Nigerian Muslims Outraged as Saudi Arabia Opens First Liquor Store in Riyadh’s Diplomatic Quarter


Habeeb Ibrahim 

Reports of Saudi Arabia’s opening of its first alcohol store in the diplomatic quarter of Riyadh, its capital, have sparked outrage among Nigerian Muslims.

The store, which is located in a supermarket in the Diplomatic Quarter, has been seen as a controversial move by the Saudi government, which has long been known for its strict adherence to Islamic law.

Many Nigerian Muslims have taken to social media to express their disbelief and anger at the news, with some calling it a “disgrace” and an “insult to the religion of peace”. Some have also expressed concern that this move marks a shift away from Saudi Arabia’s traditional values and towards a more Westernized culture.

@Waspapping_ writes on his X platform, “Disgraceful! They are slowly turning Saudi Arabia into Las Vegas, and it’s making me mad. At the rate they are going, very soon they will legalize prostitution and same-sex marriage in the most sacred city,” he writes.

Another Muslim, @Maxajee, writes, “It’s baffling and disgusting to see that Saudi Arabia has opened its first alcohol store in Riyadh. I wonder why the current crown prince is going against the teachings of the Holy Prophet by accommodating Western cultures in a country like Saudi Arabia, where the two holiest mosques are situated. This is an insult to the religion of peace and the entire Muslim Ummah. It’s disgraceful,” he noted.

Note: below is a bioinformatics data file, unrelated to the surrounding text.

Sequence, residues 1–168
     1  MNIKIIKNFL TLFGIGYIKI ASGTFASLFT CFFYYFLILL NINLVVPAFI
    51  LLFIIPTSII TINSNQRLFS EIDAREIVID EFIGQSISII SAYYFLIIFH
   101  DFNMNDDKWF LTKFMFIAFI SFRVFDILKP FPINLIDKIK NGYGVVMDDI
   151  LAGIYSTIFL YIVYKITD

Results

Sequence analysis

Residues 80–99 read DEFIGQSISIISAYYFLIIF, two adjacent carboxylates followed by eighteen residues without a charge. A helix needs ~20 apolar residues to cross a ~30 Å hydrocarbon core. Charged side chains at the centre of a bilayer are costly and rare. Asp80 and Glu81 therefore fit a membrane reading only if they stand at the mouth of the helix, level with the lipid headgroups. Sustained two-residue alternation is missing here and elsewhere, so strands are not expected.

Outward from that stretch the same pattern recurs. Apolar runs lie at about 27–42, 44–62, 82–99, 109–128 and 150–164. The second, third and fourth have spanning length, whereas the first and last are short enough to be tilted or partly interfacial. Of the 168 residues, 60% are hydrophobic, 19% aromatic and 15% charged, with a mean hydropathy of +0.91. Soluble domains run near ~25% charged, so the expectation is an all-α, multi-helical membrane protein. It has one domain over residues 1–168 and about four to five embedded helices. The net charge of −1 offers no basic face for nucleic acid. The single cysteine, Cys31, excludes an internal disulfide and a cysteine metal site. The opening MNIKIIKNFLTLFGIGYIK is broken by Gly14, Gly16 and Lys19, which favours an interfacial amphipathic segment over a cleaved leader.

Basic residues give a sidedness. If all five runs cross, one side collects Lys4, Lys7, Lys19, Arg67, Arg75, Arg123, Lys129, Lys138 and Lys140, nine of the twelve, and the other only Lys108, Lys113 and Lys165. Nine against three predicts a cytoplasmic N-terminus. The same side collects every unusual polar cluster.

According to Saudi Minister of Tourism, H.E. Ahmed Al-Khateeb, in a statement, he emphasized that alcohol is not important to Saudi Arabia, and non-Muslim visitors have never complained about its absence: “Alcohol is important, and we decided not to offer it, and we hope it will continue to this.

“People are coming to explore Saudi Arabia and its culture, and they are coming for business, leisure, hospitality, and religious reasons, and they haven’t complained at all,” he said.

It is worth noting, however, that the Saudi government has not officially confirmed the opening of the store, and some reports suggest that it may only be available to non-Muslim residents and visitors. Nevertheless, the news has sparked a heated debate among Muslims in Nigeria and beyond.


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